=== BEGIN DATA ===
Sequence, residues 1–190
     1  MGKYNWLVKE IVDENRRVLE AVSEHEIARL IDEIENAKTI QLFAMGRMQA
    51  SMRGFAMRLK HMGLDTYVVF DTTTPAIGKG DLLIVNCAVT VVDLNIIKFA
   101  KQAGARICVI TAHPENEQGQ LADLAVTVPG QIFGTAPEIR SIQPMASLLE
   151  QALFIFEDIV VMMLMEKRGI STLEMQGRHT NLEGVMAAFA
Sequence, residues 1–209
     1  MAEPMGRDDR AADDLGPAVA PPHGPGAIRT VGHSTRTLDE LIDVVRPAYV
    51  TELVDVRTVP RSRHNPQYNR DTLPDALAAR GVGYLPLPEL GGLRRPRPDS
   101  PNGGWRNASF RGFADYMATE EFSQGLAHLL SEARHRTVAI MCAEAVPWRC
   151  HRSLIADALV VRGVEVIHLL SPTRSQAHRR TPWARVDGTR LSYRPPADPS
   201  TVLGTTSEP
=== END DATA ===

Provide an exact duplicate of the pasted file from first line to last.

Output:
Sequence, residues 1–190
     1  MGKYNWLVKE IVDENRRVLE AVSEHEIARL IDEIENAKTI QLFAMGRMQA
    51  SMRGFAMRLK HMGLDTYVVF DTTTPAIGKG DLLIVNCAVT VVDLNIIKFA
   101  KQAGARICVI TAHPENEQGQ LADLAVTVPG QIFGTAPEIR SIQPMASLLE
   151  QALFIFEDIV VMMLMEKRGI STLEMQGRHT NLEGVMAAFA
Sequence, residues 1–209
     1  MAEPMGRDDR AADDLGPAVA PPHGPGAIRT VGHSTRTLDE LIDVVRPAYV
    51  TELVDVRTVP RSRHNPQYNR DTLPDALAAR GVGYLPLPEL GGLRRPRPDS
   101  PNGGWRNASF RGFADYMATE EFSQGLAHLL SEARHRTVAI MCAEAVPWRC
   151  HRSLIADALV VRGVEVIHLL SPTRSQAHRR TPWARVDGTR LSYRPPADPS
   201  TVLGTTSEP